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Learning to manage social development

Proactive debate on social management and youth policy is taking place at IDB headquarters during a course specially designed by the Bank's Institute for Economic and Social Development (INDES) for ministers and high-ranking public officials from Latin America and the Caribbean. Participants are brainstorming approaches for tackling their countries’ social needs to better develop or implement social policies and programs.

Dynamic classes with intensive dialogue make the best of each country’s experiences and perspectives on social issues. Economic indicators, graphics, lessons learned and other tools are placed on the discussion table to guide and strengthen public officials’ efforts, participants agreed.

“These classes are essential for the development of our future actions in public policy,” according to the general secretary of the Iberoamerican Youth Organization, Yuri Chillan Reyes. “The opportunity to meet, discuss and analyze the latest advancements is a valuable tool, invigorating our public officials’ management capacity. Improved performance quality can benefit more than 100 million young people living in Latin America.”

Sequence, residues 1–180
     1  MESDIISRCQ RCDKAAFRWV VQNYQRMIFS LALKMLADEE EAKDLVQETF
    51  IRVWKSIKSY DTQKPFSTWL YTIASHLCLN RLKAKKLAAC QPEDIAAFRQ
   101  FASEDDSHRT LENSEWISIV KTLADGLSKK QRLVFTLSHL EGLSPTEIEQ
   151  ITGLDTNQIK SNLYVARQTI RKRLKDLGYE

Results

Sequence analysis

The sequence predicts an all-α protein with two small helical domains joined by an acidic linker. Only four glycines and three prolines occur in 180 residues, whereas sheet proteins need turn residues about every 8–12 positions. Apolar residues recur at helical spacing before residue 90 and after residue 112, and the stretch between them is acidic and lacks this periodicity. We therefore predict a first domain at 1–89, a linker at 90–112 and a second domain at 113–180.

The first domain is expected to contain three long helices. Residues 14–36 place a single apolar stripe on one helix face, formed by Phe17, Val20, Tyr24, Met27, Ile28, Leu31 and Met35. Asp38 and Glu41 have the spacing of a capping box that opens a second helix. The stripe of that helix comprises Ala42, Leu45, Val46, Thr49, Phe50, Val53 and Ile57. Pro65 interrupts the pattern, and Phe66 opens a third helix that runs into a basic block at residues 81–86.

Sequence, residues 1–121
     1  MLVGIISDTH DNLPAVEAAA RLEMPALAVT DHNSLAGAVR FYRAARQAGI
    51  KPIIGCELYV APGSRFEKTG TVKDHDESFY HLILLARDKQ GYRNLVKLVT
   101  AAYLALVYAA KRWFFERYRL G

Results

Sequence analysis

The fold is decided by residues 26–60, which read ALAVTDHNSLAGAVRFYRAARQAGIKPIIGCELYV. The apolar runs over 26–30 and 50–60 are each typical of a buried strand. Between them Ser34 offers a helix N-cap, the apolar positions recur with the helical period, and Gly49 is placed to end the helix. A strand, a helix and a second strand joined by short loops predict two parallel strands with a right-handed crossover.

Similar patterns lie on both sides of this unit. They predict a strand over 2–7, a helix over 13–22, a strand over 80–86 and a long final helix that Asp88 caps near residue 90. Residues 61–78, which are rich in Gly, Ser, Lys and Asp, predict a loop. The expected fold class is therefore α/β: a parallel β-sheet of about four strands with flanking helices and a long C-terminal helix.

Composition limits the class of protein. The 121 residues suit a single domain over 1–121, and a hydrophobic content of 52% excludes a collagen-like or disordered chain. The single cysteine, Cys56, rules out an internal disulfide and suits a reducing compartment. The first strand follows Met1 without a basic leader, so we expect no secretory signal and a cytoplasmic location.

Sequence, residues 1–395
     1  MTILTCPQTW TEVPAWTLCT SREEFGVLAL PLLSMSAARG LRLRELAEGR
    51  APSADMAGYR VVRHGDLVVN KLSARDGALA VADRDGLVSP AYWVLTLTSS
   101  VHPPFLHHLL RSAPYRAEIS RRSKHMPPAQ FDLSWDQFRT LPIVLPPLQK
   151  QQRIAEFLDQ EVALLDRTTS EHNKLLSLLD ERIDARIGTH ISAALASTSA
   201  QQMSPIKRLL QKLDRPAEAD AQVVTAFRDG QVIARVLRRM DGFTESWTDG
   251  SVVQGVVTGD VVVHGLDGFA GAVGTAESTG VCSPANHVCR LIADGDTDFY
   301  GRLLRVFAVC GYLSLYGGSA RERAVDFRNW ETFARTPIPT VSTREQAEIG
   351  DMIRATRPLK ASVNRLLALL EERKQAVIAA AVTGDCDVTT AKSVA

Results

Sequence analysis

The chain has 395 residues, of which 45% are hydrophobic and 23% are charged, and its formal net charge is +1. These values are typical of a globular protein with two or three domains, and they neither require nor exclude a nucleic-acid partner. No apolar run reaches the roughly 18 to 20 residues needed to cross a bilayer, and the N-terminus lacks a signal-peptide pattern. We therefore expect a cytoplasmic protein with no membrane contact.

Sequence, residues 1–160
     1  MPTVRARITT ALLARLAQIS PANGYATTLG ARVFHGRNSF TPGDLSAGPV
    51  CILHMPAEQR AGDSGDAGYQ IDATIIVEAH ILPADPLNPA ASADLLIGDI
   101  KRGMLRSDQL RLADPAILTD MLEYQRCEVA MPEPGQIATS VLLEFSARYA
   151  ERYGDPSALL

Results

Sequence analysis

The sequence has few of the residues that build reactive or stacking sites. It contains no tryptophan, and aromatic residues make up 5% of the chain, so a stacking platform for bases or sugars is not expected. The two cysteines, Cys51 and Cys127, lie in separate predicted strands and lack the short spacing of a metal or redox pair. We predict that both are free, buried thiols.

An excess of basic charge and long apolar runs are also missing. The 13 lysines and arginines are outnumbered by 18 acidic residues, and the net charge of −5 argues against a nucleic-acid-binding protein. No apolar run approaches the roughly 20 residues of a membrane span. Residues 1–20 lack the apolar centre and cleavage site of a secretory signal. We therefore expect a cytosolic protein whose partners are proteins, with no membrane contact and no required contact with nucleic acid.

Carmen Vegas, president of the National Youth Commission of Peru, described the seminar as timely and encouraging public youth institutions responsible for developing policies and monitoring their implementation. “We are receiving knowledge and tools that will help us on the job, not as public administrators but as social managers,” Vegas noted. “This seminar gives us a more thorough and creative view for managing youth organizations, and teaches us how to manage in a more strategic way.”

A workshop on communication of social economic policy reviewed topics such as inflation, budget deficits and macroeconomic stability to figure out how poor people can be better incorporated in society. On this issue, educator Diana Alarcón identified the importance of poverty reduction and equity for economic progress. Participants appreciated the given concepts and methodology for working on poverty reduction.

Sebastián Chocca of Uruguay’s Sports and Youth Ministry is grateful for the opportunity to participate in this seminar: “It will help us redirect the policies of the National Youth Institution and we will also take innovative ideas from other youth institutions or ministries gathered here from all over Latin America.”


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